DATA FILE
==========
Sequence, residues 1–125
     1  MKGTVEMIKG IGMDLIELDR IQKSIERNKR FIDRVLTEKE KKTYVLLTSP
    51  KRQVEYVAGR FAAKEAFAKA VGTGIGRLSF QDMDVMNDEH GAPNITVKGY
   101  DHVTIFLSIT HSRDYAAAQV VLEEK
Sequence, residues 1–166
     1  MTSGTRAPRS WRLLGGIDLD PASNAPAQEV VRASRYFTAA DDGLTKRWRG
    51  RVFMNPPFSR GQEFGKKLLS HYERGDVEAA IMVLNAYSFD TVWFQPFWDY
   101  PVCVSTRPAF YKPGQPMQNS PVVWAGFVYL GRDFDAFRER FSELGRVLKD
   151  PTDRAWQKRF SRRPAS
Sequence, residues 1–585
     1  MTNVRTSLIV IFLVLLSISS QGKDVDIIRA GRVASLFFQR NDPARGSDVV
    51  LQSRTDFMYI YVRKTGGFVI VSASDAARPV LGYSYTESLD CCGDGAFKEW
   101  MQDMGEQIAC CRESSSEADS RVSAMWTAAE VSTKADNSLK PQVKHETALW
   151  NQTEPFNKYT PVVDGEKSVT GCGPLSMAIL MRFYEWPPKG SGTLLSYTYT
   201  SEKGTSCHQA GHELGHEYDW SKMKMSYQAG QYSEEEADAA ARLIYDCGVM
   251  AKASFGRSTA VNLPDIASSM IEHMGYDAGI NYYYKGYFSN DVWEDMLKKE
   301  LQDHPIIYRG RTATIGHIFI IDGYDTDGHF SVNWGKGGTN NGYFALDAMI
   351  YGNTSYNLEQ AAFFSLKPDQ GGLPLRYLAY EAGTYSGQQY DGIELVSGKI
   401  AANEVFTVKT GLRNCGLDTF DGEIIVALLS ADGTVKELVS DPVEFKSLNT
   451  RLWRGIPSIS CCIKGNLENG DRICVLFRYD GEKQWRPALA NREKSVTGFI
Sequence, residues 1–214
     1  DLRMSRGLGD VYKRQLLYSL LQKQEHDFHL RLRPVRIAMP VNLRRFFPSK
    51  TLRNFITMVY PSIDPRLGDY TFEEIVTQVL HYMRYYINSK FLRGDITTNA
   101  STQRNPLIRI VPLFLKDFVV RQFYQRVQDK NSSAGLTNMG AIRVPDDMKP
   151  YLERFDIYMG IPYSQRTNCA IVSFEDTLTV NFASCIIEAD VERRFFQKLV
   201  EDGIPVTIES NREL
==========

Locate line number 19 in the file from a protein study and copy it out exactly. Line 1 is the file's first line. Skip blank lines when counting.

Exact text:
   401  AANEVFTVKT GLRNCGLDTF DGEIIVALLS ADGTVKELVS DPVEFKSLNT